Put simply, the stepwise progress of evolution works through hereditary variation plus variation in success of reproduction (selection) plus repetition. Thus, the common understanding of evolution as the ‘survival of the fittest’ can be rephrased as ‘passing on the code of the most successful reproducer’. However, this does not only happen in reproducing animal or plant species. It is a universal principle in many systems, such as culture. Our taste for music, art or food is stored (e.g. in a cookbook), multiplied and passed on (e.g. by a publishing house), and modified (e.g. by the cook). Or take evolutionary algorithms which are used daily for instance by hackers to break password protection or by automated trading systems in the financial sector.
Just like Smith’s invisible hand ‘Darwin’s theory of evolution was a concept of such stunning simplicity – variation, selection, repetition- but it gave rise, naturally, to all of the infinite and baffling complexity of life’ English writer Douglas Adams put it.
Does life get ever more complex then? There are indeed increasingly complex blueprints, like the ones of our eye or brain. But that does not necessarily make it more successful. In fact, the most basic life forms are still dominant on earth, such as the estimated nine million bacteria species which are around for billions of years already.
This notion does not only explain the immense biological diversity around us, but puts us in line with the millions of peer species – inviting a certain humbleness. Sure, throughout history humans tried to push the pause button on their own evolution by building buffers, like houses or medicine, against the natural selection around them. And instead of growing their own thick coat of fur like other animals, men simply learnt to take it off them. But mind you that it is exactly this evolution born diversity around us that makes the global ecosystems resilient to all kinds of threats. If one species fails, the next one steps in. If conditions change, gene pools can adapt. Biodiversity acts as an ecosystem insurance, we are all too dependent on.
But at the same time that we discover our brilliantly rich, complex world in which we live in, we are destroying it at a rate is unprecedented in history- a rate too fast for natural adaptation, since evolution doesn’t happen overnight. While in Smith’s economy enterprises go ‘bankrupt‘, in nature, species go ’exterminated’.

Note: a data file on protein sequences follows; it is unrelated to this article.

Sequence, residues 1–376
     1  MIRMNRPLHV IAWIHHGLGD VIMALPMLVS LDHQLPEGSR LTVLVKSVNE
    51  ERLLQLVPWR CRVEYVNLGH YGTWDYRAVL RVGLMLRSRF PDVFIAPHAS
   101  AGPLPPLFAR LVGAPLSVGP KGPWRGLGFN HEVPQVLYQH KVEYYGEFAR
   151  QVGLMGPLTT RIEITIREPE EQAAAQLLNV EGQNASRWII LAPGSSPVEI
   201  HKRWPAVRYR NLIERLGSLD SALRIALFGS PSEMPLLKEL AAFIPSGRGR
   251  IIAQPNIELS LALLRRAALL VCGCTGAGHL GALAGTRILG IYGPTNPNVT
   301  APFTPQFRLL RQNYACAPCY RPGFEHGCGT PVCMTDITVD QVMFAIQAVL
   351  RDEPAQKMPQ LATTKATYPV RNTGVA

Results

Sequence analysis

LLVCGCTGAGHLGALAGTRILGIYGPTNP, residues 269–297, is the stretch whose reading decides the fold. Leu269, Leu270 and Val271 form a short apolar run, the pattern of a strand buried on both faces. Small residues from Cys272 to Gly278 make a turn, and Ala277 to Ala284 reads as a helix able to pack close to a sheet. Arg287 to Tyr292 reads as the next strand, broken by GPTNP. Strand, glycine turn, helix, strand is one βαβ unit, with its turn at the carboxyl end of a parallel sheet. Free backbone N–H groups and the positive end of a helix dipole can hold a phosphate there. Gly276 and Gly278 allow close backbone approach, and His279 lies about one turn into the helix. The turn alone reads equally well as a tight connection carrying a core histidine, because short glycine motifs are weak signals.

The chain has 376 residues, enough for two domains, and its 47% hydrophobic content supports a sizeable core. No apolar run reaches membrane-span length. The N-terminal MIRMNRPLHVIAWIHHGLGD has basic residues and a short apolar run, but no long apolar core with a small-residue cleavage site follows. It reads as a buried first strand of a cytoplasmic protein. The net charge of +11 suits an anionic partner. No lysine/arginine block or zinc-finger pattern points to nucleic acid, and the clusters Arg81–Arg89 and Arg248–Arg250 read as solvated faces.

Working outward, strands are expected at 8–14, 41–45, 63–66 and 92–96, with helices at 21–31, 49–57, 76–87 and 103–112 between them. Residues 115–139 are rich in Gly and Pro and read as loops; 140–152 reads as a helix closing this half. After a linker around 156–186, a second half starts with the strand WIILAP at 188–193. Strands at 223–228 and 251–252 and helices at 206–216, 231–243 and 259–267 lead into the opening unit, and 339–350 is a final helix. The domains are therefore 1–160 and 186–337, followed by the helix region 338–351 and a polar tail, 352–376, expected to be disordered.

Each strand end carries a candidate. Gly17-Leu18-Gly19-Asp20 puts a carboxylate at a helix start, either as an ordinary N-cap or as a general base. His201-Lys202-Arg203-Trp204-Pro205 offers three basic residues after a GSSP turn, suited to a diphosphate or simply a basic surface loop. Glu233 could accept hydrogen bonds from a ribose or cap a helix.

Which brings us back to our unicorn: the latest was photographed in Vietnam last September 2013 for the first time in the 21st century. Let’s hope it was not the last time, as the unicorn is extremely threatened from hunting and habitat fragmentation. To protect its habitat, Barney Long, a World Wildlife Fund conservation biologist is working with fellow scientists in Vietnam, where he woefully reckoned: ‘If we lose the Saola, it will be a symbol of our failure to protect this unique ecosystem’.
Long couldn’t be more right. The Unicorn is only one of its 5000 fellow species endangered in Southeast Asia, almost a third of all 16,928 species listed as threatened with extinction on the IUCN Red List. And exactly these are the priority of the Unicorn spotter Mackinnon’s heritage, the ACB. the Philippine-based Centre, Since 2010 supported by the German development cooperation GIZ, coordinate sustainable use and conservation of biodiversity. Well aware that its loss is bad news not only for unicorn lovers but for all Southeast Asians, utterly dependent on the services biodiverse and resilient ecosystems provide. These services include provisioning of water and timber, cleaning of air or supporting of natural cycles, and also recreational and esthetic values.
Such values come to mind when wandering about Vietnam’s wild jungle or dreaming away with rainbows and unicorns… sounds like a much better idea than letting them go ‘bankrupt’, doesn’t it?